Anaïde Chirinian and Gudrun Andersson in Mora


Vision Forum members Anaïde Chirinian and Gudrun Andersson show new work based on the similarity and differences in their artistic process at Mora kulturhus entitled Spiritual Gestures.

What can a body do? The question is vast and forces us to consider the nature of being and our place in the world. It is also directly connected to our understanding of time and temporality. For the artist, the body allows him/her to perfect form and expression over time. More often than not, the creator has worked vast amounts of time at developing craftsmanship and then perfecting pieces of grandeur. When we visit museums and places of worship across the globe we meet mankind’s attempts at leaving traces of individual existence for posterity.

But the opposite can also be true. There are other processes that are more direct, that function in a short bursts, like the sound and light in a thunderstorm. The tension builds up and is released in a flash of intensity. Experience and knowledge find different expressions in these processes. They are more visceral and intuitive than rational and mental. Anaïde Chirinian and Gudrun Andersson’s work function like the latter. They side-tracks their conscious selves in an attempt to allow their bodies of experience to speak a different language.

Anaïde Chirinian is treading a space between voodoo rituals and religious processions one hand and the great paintings in museums across the world on the other. It is in the multitude of images and not in the individual drawing that we can appreciate her effort to understand the world through artistic expression. Her images tread a fine line in a danger-zone by both investigating the limits of rationality and the cyclical nature of our bodies and lives.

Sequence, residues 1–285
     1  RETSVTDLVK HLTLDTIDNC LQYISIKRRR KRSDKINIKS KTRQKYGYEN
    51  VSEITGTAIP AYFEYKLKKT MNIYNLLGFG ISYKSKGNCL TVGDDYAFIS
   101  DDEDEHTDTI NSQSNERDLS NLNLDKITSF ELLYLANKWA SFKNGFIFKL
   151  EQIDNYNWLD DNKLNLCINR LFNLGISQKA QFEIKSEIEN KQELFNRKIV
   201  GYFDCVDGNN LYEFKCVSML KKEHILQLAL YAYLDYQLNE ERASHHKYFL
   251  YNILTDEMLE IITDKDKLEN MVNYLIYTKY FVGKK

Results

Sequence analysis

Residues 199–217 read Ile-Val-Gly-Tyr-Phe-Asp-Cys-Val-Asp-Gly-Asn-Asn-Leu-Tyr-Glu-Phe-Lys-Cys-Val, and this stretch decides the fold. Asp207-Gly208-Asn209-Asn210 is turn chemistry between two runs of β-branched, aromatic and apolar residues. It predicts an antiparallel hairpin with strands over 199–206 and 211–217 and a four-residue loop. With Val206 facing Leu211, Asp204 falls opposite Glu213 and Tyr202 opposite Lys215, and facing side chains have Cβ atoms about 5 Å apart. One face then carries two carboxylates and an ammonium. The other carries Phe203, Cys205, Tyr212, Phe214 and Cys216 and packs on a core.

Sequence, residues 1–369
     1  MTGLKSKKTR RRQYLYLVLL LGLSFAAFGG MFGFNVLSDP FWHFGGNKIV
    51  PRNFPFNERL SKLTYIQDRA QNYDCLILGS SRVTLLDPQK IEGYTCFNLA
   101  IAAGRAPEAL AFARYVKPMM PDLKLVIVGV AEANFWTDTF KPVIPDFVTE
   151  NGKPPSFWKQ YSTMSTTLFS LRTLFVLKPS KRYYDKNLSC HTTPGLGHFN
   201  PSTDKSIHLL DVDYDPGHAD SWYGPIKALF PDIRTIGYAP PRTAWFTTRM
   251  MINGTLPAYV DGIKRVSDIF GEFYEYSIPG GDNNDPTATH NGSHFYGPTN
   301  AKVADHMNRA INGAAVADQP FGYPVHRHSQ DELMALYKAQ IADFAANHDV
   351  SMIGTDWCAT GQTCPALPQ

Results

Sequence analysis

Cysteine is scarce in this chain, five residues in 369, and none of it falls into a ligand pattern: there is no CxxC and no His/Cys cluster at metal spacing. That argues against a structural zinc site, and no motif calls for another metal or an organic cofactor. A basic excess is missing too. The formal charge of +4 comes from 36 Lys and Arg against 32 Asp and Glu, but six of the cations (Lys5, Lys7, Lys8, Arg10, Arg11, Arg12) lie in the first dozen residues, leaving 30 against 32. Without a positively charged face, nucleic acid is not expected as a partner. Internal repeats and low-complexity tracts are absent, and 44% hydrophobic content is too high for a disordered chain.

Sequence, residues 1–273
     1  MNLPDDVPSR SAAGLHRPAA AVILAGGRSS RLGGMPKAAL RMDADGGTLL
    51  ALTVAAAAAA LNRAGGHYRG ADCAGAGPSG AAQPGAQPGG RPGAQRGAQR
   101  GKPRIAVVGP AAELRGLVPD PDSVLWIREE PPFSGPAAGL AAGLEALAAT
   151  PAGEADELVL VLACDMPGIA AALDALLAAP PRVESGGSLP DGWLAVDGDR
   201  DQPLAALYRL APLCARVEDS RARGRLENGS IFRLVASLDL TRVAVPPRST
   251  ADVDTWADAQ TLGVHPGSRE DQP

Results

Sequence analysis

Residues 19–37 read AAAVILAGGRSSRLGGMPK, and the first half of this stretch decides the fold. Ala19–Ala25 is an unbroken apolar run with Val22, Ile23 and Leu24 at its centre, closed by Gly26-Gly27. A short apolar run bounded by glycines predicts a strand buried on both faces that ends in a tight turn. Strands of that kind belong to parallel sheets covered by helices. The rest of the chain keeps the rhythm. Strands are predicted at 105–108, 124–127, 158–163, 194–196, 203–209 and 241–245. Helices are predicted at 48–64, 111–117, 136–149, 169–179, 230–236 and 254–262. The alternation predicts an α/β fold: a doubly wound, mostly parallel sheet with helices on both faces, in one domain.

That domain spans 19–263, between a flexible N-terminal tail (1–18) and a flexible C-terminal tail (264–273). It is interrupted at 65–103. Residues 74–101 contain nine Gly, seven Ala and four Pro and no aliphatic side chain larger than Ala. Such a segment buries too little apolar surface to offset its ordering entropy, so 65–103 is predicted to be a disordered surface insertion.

In evolution we find similar expressions, because it is rarely in the individual plant or animal where important changes for the collective take place. Nature does not care about the concerns of single individuals. Instead it is when large populations together embark on new journeys that evolution moves forward in our biosphere. We find in nature both infinite repetition and that each event in time and space is unique and that no two moments in the universe is exactly the same.

Maybe this perspective is difficult for us humans to accept? We like to focus on individuality, because it makes us feel important and that we are at the centre of attention. That what we think and do really leaves an imprint in history. Gudrun Andersson’s deal with the trace of human activity in painting. But a the same time the paintings look like images that we have of how deep space and the universe looks like. They are in this aspect a platform for a between the longest and the shortest time spans that the human mind can understand.

18/3 – 12/4

Köpmannag. 4

Öppet: mån -fre 09 – 18, lör 11 -15